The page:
Salah

5 Powerful Benefits of Establishing Salah

Establishing Salah

Establishing Salah

Salah is the second pillar of Islam, and the most important physical act of worship. For anybody who wishes to improve their spirituality, begin with establishing Salah. This is the primary command in the Qur’an after believing in Tawheed. Salah is our direct connection with Allah. Salah is our foundation. Salah is, in many ways, an essential part of believing in Islam.

Multiple times in the Qur’an, Allah instructs us to “Establish the Salah”. The commandment isn’t just to pray but to establish the Salah. Establishing Salah means praying properly on time consistently with pure intentions and clear objectives. Salah is not meant to be a mechanic ritual, it is an active means of communication, reflection and self-improvement.

When Salah is prayed properly and established properly, there are many benefits including the following:

1. A Regular Break from Dunya

The daily Salah are purposely set at five intervals throughout our day which include being the first things we do when we wake up, a priority during our lunch breaks, and one of the last things we do at night before sleeping. There is a clear reason for this.

We live busy lives trying to work hard, provide for our families and enjoy the Halal of this world. However, in doing so it can be easy to forget Allah, get caught up in materialism and lose sight of the purpose of life. Salah stops all of this from happening.

By taking regular breaks five times a day to worship our Creator properly, we remind ourselves to prioritize Allah over the world. We remind ourselves of the purpose of life. We remind ourselves to stay focused on building what truly matters, our Afterlife. Establishing Salah keeps us focused on what matters.

2. A Structured Life

Salah on time creates structure and regular timetable. By praying on time every day, we create a schedule around which to plan the rest of our day. People who pray on time are more punctual and live more structured lives. This is one of the most obvious benefits of praying five times a day, creating a structure around which to shape the rest of our day.

3. Maintained Spirituality

Spirituality and faith are constantly fluctuating. Our faith is always going up and down. One of the key methods to prevent our faith from crashing is to establish the five daily prayer. The more we pray, the stronger our spirituality will be.

Many people complain about decreasing Imaan levels. This can be avoided by establishing the Salah, and praying regularly with purpose and clear intentions. A conscious purposely Salah can do wonders to boost your Imaan. Established as a regular practice, it becomes your daily savior from your own Nafs.

4. Inner Peace

Inner Peace cannot be found in new age ideas, man-made ideas or worldly pleasures. True inner peace comes from having a close relation with your Creator. This can only be established through regular Salah.

Salah is the key to inner peace. This isn’t easy to achieve but regular practice at praying with concentration and understanding can help us reach a level in which we experience this.

Once that level is reached, the level of inner peace you will experience in the recitation and Sajdah is unexplainable. It needs to be experienced to be understood.

5. A Divine Connection

The final and most important benefit of praying five times a day is establishing a connection with our Creator. Allah has promised that if we remember Him and worship Him in times of ease, He will be there for us in times of difficulty.

This means if we establish our Salah during times of ease, we can expect Allah’s help during the hard times. We all need Allah’s Help. We all need a direct means of communication with Him. We all need to connect with Allah. This alone should be reason enough to motivate us to pray on time.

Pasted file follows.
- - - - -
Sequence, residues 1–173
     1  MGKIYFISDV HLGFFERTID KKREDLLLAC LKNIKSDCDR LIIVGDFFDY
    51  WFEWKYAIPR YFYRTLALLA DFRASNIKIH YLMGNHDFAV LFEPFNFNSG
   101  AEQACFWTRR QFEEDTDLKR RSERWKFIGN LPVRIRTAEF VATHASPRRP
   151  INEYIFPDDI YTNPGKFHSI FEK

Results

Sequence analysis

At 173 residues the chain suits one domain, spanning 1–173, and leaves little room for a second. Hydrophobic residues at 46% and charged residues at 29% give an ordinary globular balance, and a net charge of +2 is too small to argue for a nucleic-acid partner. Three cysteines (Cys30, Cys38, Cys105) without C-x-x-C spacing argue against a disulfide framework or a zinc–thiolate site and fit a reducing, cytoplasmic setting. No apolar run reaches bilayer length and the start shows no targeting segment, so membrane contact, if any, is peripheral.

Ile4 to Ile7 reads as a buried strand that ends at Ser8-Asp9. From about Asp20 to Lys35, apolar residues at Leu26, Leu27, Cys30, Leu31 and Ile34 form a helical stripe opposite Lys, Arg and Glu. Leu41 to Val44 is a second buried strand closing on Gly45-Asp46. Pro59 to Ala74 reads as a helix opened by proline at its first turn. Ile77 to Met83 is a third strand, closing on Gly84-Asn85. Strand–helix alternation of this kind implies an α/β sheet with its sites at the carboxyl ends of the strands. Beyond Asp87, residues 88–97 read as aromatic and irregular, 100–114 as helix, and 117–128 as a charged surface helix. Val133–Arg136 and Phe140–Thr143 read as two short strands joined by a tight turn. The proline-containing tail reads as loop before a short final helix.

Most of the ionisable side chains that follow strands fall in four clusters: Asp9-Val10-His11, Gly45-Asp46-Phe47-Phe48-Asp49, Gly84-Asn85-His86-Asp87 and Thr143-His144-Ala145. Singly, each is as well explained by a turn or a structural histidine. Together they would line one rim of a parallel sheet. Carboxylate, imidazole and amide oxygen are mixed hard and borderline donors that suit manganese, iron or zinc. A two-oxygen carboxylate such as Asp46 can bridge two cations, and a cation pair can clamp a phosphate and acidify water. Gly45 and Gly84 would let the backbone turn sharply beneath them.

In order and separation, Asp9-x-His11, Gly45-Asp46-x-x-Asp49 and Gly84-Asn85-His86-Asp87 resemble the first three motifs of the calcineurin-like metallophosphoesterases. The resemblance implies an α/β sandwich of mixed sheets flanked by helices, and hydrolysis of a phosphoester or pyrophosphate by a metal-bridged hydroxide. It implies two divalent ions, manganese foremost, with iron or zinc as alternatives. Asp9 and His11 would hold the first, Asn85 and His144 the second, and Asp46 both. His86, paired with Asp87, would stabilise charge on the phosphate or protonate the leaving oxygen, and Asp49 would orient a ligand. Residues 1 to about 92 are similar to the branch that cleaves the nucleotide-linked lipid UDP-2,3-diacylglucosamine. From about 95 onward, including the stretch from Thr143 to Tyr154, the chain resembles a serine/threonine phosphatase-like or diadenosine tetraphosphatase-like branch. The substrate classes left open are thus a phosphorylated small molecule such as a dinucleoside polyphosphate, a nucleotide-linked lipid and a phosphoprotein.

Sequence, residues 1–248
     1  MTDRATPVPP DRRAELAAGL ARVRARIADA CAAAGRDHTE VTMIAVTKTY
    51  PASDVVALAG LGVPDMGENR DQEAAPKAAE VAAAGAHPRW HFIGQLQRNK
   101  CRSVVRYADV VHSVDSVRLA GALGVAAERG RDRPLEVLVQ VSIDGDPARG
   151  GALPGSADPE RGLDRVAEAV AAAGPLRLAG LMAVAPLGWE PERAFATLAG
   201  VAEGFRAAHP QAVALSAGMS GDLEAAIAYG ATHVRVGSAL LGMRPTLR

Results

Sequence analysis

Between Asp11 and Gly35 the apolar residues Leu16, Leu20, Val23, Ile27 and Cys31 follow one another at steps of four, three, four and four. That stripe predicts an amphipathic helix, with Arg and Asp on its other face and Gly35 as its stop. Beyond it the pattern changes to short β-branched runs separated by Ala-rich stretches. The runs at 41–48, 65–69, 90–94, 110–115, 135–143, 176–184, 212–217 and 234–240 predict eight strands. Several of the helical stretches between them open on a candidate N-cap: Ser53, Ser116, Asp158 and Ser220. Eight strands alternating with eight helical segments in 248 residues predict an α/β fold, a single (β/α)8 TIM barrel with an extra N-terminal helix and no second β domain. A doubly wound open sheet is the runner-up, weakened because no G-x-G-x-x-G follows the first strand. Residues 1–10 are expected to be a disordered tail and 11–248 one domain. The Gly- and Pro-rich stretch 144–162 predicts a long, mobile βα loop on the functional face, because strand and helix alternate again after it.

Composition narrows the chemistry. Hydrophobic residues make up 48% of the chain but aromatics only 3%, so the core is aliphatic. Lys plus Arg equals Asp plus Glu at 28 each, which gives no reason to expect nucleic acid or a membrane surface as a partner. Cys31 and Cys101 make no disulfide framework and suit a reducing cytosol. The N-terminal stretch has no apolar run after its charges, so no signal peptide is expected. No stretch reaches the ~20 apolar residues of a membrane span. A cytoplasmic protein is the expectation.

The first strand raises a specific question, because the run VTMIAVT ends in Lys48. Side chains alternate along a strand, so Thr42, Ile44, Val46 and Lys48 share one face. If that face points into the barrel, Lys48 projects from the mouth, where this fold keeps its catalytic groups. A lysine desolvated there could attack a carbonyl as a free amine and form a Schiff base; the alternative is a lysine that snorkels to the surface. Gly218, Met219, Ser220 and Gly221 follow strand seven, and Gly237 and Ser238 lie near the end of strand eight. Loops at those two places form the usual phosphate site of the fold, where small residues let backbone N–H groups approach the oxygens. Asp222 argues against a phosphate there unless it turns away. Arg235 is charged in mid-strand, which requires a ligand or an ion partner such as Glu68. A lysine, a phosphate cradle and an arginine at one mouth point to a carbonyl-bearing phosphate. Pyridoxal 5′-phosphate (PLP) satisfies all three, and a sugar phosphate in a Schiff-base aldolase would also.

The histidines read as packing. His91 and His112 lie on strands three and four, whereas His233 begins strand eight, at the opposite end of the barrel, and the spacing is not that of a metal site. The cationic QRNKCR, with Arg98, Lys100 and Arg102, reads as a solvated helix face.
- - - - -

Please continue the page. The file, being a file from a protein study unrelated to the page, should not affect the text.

May Allah grant us all the strength and consistency to establish the Salah and remain steadfast on it for the rest of our lives.

Shaykh Ismail Kamdar is the Founder of Islamic Self Help and the author of multiple books including Getting The Barakah: An Islamic Guide to Time Management and Best Of Creation: An Islamic Guide to Self-Confidence.

Posted by Ismail Kamdar in Inner Peace, 3 comments

How To Be The Best – 4 More Hadiths

How to be the best spiritually

Note: This is part two of our series on How to be the Best. Click here to read Part One.

In the first article of this series, we focused on five Hadiths related to manners and relationships; and how to be the best in that area.

In this second article, we will continue looking at Hadiths about being the best. The focus this time, however, is on the best acts of worship. Islam teaches us to compete in good deeds and to strive to be the best of worshipers. These four hadiths teach us some of things we should focus on in order to achieve that goal.

Salah is the most fundamental act of worship, and the primary physical pillar of our faith. It is the one act of worship we are commanded to do five times a day, throughout our lives, in good health and illness. Due to the central importance of Salah in Islam, all of these Hadiths focus on different aspects related to Salah.

“The best of all deeds is the Prayer at its earliest time.” [Tirmidhi, Sahih]

The best of deeds

The first important aspect is the timing. Praying fives a time is the most important act of worship that every Muslim must do. It doesn’t make you the best of Muslims, it just makes you Muslim.

However, the reward of the Salah is magnified for those who pray it at its earliest time. There are many people who delay Salah until the time is almost over. If we want our Salah to be accepted as the best of deeds, we must make it a habit to pray each Salah at its earliest time.

“The best of places are the Masjids and the worst of places are the markets.” [Tabarani, Hasan]

Continuing on the topic of Salah, prayer in the Masjid is generally more rewarding for men than praying at home. There is also strong evidence that praying in congregation in the Masjid is Wajib (obligatory) for men. I too believe that when there is no excuse, it is an obligation for a man to pray his Salah at the Masjid.

However, this Hadith has a deeper meaning. This Hadith is really teaching us where we should spend most of our time. The best place that a Muslim can spend time in is the Masjid. Salah, dua, reciting Quran and attending Islamic classes are all acts of worship that are associated with Masjids. In general, time spend in the Masjid is spent building one’s Afterlife.

The Hadith compares this with market places (and in modern context, that includes shopping malls). In Islam, markets exist as a necessity of life. We go there to earn a living or purchase necessities. But loitering in such places leads to many problems like attachment to this world, materialism, failure to lower one’s gaze and wasting time.